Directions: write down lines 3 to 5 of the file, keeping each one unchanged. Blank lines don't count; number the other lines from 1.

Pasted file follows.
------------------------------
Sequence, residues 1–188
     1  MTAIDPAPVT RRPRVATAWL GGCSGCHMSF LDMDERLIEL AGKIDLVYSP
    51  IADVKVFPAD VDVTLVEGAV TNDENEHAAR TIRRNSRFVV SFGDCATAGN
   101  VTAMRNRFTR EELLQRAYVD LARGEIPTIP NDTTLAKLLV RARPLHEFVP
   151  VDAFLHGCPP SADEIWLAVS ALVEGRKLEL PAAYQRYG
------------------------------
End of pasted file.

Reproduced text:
    51  IADVKVFPAD VDVTLVEGAV TNDENEHAAR TIRRNSRFVV SFGDCATAGN
   101  VTAMRNRFTR EELLQRAYVD LARGEIPTIP NDTTLAKLLV RARPLHEFVP
   151  VDAFLHGCPP SADEIWLAVS ALVEGRKLEL PAAYQRYG